(PHOTO: I took this picture at then Senator Obama's first rally after Hillary Clinton conceded the Democratic nomination from REALLY far away)

"Theocratic Aura": Church, State and the New Government


Scholar Theofanis Stavrou once described the presence of black-robed clergy at Greek government swearing-in ceremonies as a "Theocratic Aura."

It's still there.

Archbishop Ieronymos and a cadre of other Church hierarchs swore in new Prime Minister George Papandreou and his cabinet on Tuesday.


Thursday, October 8, 2009

First Presentation of "Prevailing Faith"

My Fulbright project began with a question in the Spring of 2008. At the time I was a student at College Year in Athens studying both Greek Civil Society and the Orthodox Church.

On Wednesday October 7, I had a chance to share my research thus far with the place that gave me my start.

Tuesday, October 6, 2009

BRUesday: Cool Moose Edition

One man's crusade to rid Rhode Island of unnecessary government leads him to a park bench with a BRU reporter.

The Black Rep faces a dark future.

Green buildings are "eco" friendly in more ways than one.

And further proof that the "friend zone" caused the downfall of humanity.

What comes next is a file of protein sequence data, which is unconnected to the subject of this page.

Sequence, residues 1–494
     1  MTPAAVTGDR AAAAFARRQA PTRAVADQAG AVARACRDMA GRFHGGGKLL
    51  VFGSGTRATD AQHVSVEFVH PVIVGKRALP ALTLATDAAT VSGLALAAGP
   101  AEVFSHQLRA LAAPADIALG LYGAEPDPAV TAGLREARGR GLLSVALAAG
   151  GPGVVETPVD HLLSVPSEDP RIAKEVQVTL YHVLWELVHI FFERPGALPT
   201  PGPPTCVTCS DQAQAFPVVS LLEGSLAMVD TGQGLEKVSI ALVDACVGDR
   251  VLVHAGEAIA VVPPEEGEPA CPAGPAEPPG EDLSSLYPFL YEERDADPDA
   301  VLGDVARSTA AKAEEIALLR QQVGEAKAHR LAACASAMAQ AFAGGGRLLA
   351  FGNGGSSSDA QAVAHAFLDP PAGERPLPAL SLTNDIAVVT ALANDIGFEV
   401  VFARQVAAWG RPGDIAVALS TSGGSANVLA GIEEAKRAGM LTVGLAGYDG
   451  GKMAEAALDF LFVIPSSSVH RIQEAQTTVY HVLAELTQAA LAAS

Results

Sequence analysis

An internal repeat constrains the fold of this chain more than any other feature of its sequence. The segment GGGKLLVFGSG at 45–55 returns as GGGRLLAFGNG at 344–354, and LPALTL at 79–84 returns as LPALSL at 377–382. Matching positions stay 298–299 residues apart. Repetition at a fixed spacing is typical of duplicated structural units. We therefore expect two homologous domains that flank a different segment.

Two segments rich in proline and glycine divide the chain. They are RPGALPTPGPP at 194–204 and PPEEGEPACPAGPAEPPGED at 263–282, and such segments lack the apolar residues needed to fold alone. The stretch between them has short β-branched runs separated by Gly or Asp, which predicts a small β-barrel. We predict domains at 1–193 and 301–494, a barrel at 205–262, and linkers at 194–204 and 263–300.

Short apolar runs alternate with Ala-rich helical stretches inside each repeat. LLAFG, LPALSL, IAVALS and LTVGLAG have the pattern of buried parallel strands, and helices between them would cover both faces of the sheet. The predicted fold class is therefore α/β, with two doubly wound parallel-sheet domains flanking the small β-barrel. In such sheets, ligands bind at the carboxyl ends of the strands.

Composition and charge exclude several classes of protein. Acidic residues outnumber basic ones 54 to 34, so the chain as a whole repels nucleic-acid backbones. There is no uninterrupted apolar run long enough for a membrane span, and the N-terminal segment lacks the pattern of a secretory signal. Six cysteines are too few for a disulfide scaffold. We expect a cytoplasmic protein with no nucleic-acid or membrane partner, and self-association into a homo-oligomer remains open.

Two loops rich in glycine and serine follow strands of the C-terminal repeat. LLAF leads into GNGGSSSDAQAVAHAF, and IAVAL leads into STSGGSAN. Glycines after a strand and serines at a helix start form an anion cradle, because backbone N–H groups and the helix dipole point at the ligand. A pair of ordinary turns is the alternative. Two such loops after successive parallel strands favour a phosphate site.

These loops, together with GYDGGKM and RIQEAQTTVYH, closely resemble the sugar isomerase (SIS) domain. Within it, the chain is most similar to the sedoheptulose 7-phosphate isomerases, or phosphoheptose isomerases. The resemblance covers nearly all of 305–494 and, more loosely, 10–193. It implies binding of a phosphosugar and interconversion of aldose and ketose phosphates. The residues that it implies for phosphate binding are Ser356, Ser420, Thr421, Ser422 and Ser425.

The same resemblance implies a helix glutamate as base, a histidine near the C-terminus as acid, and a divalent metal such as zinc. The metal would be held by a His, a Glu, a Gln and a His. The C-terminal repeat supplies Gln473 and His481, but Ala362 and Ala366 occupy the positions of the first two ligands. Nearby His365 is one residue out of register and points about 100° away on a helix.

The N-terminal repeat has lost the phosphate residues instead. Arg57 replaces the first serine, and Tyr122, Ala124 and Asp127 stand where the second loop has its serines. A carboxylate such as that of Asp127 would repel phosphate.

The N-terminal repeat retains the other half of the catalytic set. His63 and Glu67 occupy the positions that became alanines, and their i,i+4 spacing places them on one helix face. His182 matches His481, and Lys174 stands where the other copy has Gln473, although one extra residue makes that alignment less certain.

This is BRUesday.

Monday, October 5, 2009

Election Weekend in Athens

48 hours before his party's likely electoral defeat, incumbent Prime Minister Kostas Karamanlis, gave a war cry of a speech to rally his supporters. His screams on Friday eventually cost him his voice. On Sunday, years of unpopular policies and guerrilla opposition cost him the reins of government.

People arriving at the incumbent PM's last mass demonstration just off of Victoria Square unfurled Greek flags as they rose out of the electric railway station like they were pulling out concealed shot guns. A sea of blue and white banners and the smell of gunpowder from flares and rockets did their duty for the cameras and a number on the nostrils.

The cheers were fierce, but with ever-slight signs of hesitation.

One woman amidst the mob kept trying to start the rhyming chant Όλοι μαζί με Καραμάνλη/All together with Karamanlis.

Nobody joined in.

Friday, October 2, 2009

Becoming a Master of Southeastern European Studies

Once the logistics and pleasantries of our orientation program wound to a close my professors and classmates rose to chat and become acquainted with one another.

For the next nine months, we'll spend more than 9 hours a week in a small classroom, dusty and undecorated save for two maps, that's filled with the din of passing traffic and heavily accented English as we study toward our Master's degrees in Southeastern European Studies (MA in SEE).

True to form, I made a bee-line straight to the food and  wine.